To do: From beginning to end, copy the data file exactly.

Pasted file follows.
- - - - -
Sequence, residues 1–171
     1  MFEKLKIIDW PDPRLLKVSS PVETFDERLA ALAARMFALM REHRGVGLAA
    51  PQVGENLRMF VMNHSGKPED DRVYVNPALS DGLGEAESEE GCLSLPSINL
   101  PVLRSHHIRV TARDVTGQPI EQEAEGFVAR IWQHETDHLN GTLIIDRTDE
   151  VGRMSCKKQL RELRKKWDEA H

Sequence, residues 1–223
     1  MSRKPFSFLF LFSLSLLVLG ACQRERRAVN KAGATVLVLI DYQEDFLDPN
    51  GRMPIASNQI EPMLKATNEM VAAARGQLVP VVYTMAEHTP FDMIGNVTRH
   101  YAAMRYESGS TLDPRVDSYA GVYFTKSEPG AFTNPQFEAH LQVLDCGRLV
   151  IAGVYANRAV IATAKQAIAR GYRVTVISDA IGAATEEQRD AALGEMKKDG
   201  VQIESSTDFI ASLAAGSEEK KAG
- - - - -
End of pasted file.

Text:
Sequence, residues 1–171
     1  MFEKLKIIDW PDPRLLKVSS PVETFDERLA ALAARMFALM REHRGVGLAA
    51  PQVGENLRMF VMNHSGKPED DRVYVNPALS DGLGEAESEE GCLSLPSINL
   101  PVLRSHHIRV TARDVTGQPI EQEAEGFVAR IWQHETDHLN GTLIIDRTDE
   151  VGRMSCKKQL RELRKKWDEA H

Sequence, residues 1–223
     1  MSRKPFSFLF LFSLSLLVLG ACQRERRAVN KAGATVLVLI DYQEDFLDPN
    51  GRMPIASNQI EPMLKATNEM VAAARGQLVP VVYTMAEHTP FDMIGNVTRH
   101  YAAMRYESGS TLDPRVDSYA GVYFTKSEPG AFTNPQFEAH LQVLDCGRLV
   151  IAGVYANRAV IATAKQAIAR GYRVTVISDA IGAATEEQRD AALGEMKKDG
   201  VQIESSTDFI ASLAAGSEEK KAG